have written before about parasitic advertisements that "hijack" Web sites. The example I used was if someone at Ford Motor Company decided to use this advertising method. (This is a theoretical example. I doubt if Ford stoops to such questionable advertising methods.) Ford Motor Corporation then would pay a fee to the creator of the pop-up software to have Ford advertisements appear on top of Daimler Chrysler's Web site. The company that writes the parasite software would add the Daimler Chrysler site to the list of sites that will generate a pop-up ad for Ford. Another method would provide that, anytime the unwitting viewer visits any Web site that has the word "Chrysler" on the page, the Ford Motor Company ad would appear.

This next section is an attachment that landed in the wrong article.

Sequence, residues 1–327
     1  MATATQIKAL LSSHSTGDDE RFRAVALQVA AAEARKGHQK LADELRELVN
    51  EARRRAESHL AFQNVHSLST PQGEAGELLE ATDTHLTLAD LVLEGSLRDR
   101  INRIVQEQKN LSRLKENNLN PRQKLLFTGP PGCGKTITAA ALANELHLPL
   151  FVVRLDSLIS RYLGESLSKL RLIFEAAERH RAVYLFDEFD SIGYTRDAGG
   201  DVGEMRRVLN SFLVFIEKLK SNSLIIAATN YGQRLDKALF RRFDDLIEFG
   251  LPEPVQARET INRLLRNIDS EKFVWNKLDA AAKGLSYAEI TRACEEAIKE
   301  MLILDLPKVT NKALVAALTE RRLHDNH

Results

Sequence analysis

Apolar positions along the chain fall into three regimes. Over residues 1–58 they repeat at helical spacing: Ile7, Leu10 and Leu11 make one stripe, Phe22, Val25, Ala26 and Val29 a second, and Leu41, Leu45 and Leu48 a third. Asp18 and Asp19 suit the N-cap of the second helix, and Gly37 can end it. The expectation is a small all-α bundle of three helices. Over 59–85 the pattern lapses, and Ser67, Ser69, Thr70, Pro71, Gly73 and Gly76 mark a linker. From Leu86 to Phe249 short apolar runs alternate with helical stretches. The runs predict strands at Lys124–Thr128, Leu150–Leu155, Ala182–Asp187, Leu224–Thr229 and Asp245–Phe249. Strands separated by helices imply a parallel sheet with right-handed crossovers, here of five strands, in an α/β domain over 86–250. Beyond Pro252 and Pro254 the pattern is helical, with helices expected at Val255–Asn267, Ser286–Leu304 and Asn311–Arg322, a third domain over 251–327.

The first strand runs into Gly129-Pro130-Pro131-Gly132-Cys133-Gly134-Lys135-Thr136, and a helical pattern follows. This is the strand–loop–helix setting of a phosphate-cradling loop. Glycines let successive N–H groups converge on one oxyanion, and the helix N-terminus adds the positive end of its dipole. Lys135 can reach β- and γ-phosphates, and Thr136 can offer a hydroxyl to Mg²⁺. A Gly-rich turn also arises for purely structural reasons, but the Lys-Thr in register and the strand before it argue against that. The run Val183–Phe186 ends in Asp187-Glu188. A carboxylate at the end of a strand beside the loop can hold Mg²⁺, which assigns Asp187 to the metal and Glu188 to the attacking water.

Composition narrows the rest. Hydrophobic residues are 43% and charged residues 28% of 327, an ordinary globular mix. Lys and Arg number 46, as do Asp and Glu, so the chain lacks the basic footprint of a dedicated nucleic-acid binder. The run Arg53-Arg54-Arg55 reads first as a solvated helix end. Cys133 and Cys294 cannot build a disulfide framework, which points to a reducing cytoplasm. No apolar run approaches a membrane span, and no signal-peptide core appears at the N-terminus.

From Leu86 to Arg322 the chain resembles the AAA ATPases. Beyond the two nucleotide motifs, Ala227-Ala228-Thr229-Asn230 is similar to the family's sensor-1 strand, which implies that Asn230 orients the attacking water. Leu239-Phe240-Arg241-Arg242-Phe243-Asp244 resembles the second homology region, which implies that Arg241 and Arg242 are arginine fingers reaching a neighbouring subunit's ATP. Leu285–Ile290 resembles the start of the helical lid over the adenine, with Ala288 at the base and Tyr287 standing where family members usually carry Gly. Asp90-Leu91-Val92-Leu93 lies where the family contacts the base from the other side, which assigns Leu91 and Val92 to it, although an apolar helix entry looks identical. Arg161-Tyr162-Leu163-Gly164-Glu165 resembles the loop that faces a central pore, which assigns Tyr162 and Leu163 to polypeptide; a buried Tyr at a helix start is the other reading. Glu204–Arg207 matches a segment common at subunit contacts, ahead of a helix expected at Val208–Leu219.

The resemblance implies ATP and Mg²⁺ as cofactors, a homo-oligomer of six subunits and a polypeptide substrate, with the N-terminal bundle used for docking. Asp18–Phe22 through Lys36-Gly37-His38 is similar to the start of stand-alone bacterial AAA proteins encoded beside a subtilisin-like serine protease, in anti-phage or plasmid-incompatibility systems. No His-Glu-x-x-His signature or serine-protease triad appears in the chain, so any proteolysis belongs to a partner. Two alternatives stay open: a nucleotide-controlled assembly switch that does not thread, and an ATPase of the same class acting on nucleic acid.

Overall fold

The same advertising software often spies on users, although not always. These "spyware" programs monitor the Web sites a user visits and collect personal information, reporting such data back to the company that provides the parasite advertising. While all the companies that provide this spyware claim that they do not collect names, e-mail addresses, credit card numbers, or other such sensitive personal information, all admit that it would be trivial to add such capability.
In the two previous Plus Edition articles I wrote, I mentioned that such questionable "hijack ads" are now being used by at least two genealogy-related companies. Both of the companies have headquarters in Utah.
Invasion of an organization's Web site by a competitor is in bad taste, to say the least. New developments now indicate that it also may be illegal, and it looks as if the first cases are headed to court.
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